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Sets and basic notation.

bergausstein

Active member
Jul 30, 2013
191
I have two questions

explain why any subset of a finite set is finite. (prove)

and

why is empty set is considered to be a subset of any set?
I'm confused, because lets say set A is a subset of set B it means that every element of A is an element of B. in the case of empty set being a subset of any set kind of hoodwinked me. please explain.

and also the idea of it being disjoint with any set, even from itself.
 
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Deveno

Well-known member
MHB Math Scholar
Feb 15, 2012
1,967
Suppose a finite set had an infinite subset. Since EVERY element of the subset is also in the "parent set", this means our original set is also infinite. But that is absurd, we just said it was finite!

Ok, let's see if the empty set is a subset of any other set. All we have to do is check to see if every element of the empty set is in our "given set" (let's call it S).

So, checking now: first element of the empty set is....umm....gee, we don't have any elements! There's nothing to check!

In other words, it is NOT the case that there is some element of the empty set NOT in S, so the "double negatives cancel".

Two sets are said to be disjoint if they have no elements in common. The empty set has no elements, so it cannot possibly have any in common with any other set, even itself!

The way I think of the empty set is just a blank: the contents of an empty container. Surely this "emptiness" is also in every other container (although the containers usually have stuff in them).

Some more confusing stuff:

Every integer in the empty set is even, and also odd! That's because there are exactly NO integers which are both (and a darn good thing, too!). Every element in the empty set is a self-contradiction, so it's really GOOD news that the empty set is empty, or else the universe might just explode.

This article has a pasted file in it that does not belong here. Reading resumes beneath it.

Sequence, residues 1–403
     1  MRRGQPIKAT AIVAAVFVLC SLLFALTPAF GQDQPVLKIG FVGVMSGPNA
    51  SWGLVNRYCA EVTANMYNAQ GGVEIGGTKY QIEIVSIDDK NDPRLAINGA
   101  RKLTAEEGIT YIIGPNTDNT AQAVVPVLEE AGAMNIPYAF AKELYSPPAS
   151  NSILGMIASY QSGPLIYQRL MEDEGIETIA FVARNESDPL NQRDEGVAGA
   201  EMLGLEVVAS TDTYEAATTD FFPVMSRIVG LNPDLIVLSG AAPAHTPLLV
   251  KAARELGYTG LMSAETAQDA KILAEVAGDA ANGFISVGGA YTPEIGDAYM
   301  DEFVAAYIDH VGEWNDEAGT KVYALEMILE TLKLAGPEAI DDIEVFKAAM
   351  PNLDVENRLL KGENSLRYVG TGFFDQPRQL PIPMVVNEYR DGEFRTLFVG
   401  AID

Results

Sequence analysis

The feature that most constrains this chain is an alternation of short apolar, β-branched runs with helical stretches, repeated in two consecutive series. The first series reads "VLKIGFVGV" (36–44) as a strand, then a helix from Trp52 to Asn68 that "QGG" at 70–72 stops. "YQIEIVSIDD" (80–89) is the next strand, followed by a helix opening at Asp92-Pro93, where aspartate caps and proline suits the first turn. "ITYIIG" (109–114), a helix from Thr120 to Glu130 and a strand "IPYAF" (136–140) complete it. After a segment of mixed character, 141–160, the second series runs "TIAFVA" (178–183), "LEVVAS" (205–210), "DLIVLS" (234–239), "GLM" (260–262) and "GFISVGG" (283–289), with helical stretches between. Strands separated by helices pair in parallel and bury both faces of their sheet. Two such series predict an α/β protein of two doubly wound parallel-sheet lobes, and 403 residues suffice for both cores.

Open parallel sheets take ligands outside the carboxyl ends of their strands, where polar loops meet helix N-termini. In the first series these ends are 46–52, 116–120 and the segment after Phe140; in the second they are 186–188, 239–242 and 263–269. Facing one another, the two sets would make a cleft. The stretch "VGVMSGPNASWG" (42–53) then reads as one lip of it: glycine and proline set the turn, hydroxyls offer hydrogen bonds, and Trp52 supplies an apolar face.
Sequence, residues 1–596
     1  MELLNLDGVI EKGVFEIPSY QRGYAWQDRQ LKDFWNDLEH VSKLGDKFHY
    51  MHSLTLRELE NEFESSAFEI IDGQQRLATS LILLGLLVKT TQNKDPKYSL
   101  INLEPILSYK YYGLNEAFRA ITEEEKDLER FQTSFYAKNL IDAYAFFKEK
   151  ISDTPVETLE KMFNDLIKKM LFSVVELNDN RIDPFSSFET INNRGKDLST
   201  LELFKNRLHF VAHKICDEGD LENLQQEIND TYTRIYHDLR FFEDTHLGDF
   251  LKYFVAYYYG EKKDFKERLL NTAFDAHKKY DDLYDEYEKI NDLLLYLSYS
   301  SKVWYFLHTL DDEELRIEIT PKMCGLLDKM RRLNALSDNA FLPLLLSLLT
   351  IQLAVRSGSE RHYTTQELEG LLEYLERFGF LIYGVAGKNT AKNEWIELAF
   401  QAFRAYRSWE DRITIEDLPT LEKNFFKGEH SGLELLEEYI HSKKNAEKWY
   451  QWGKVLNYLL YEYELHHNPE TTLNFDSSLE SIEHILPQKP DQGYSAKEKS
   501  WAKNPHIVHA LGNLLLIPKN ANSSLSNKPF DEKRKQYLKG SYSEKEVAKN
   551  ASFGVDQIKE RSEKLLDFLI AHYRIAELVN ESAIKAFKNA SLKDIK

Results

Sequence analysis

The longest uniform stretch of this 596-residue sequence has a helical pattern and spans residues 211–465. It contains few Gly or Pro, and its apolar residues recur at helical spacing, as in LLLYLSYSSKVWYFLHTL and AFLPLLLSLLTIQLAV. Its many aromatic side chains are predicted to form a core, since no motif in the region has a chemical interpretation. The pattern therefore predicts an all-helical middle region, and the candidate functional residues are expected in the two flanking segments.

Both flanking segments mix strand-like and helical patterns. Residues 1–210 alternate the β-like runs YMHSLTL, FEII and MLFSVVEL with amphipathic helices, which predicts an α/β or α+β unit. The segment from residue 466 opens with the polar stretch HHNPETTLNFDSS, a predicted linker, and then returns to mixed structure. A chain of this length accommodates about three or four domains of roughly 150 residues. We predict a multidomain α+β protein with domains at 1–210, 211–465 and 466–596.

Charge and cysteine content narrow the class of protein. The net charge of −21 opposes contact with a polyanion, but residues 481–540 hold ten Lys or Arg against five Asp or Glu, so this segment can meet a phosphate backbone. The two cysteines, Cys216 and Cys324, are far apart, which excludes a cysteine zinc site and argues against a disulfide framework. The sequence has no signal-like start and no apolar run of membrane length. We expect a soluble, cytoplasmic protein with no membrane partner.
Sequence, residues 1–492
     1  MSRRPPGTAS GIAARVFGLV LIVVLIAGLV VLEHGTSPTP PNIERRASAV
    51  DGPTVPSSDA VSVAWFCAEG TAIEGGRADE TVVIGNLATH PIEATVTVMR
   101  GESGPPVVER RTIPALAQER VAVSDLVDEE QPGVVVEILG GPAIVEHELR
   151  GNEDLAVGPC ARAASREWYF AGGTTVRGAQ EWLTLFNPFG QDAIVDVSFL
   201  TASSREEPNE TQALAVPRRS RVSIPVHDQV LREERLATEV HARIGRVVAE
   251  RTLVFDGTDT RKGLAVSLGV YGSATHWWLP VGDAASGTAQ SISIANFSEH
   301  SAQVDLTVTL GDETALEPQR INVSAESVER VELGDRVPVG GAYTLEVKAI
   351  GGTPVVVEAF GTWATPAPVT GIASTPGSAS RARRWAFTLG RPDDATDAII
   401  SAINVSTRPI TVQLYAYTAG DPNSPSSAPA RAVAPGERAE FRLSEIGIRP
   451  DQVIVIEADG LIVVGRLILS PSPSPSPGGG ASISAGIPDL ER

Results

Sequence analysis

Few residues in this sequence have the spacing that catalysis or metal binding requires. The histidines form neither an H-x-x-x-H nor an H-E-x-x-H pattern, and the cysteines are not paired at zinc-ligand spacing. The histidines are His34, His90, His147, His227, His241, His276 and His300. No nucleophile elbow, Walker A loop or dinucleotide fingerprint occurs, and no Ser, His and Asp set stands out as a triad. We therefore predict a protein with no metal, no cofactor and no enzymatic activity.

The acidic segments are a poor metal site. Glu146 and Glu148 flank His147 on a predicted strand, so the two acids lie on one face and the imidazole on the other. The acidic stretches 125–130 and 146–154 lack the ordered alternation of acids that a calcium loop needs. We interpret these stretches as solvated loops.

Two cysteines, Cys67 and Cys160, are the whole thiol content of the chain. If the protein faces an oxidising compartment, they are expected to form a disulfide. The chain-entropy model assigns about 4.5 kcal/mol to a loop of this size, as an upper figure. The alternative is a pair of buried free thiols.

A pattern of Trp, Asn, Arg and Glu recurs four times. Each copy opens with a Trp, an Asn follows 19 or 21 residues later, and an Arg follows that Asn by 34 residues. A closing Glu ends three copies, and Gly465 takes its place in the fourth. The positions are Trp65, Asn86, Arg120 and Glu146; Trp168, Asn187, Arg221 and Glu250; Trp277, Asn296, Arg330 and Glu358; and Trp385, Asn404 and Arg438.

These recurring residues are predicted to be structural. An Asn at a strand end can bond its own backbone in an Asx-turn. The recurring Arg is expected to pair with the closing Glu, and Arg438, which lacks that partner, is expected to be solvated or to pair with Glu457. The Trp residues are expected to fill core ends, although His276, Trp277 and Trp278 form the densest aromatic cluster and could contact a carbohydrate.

paulmdrdo

Active member
May 13, 2013
386
for the empty set case consider these:


1. The set A is a subset of the set B if and only if every element of A is also an element of B. If A is the empty set then A has no elements and so all of its elements (there are none) belong to B no matter what set B we are dealing with. That is, the empty set is a subset of every set.

2. Another way of understanding it is to look at intersections. The intersection of two sets is a subset of each of the original sets. So if {} is the empty set and A is any set then {} intersect A is {} which means {} is a subset of A and {} is a subset of {}.

3. You can prove it by contradiction. Let's say that you have the empty set {} and a set A. Based on the definition, {} is a subset of A unless there is some element in {} that is not in A. So if {} is not a subset of A then there is an element in {}. But {} has no elements and hence this is a contradiction, so the set {} must be a subset of A.

An example with an empty set and a non-empty set might be this: the (set of all aligators who have walked on the moon) and the (set of all astronauts). Examine the three arguments above with this example in mind
:cool: regards!
 
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HallsofIvy

Well-known member
MHB Math Helper
Jan 29, 2012
1,151
Just to put in my oar: the definition of "A is a subset of B" is that the statement "if x is in A then x is in B" is true. Further, it is a basis fact of logic that if statement "P" is false, then the statement "if P is true then Q is true" is true whether Q is or not.

So if A is empty, the statement "x is in A" is false for all A. Therefore the statement "if x is in A then x is in B" is true for all x.

If you are not happy with 'if statement "P" is false, then the statement "if P is true then Q is true" is true whether Q is or not' consider the case if, say, A= {1, 2, 3} and B= {1, 2, 3, 4, 5}.

To show that A is a subset of B, we must show that "if x is in A then x is in B" is a true statement, for all x. Certainly, if x is 1, 2, or 3, "x is in A" and "x is in B" are both true so the statement is true. What if x is 4 or 5? Then the statement "x is in A" is false while "x is in B" is still true. Or, what if x= 10? Then "x is in A" is false and "x is in B" is false. Since it is clear that, in this case, A is a subset of B, we need both of those statements to be true. That is why we need ''if statement "P" is false, then the statement "if P is true then Q is true" is true whether Q is or not'.
 
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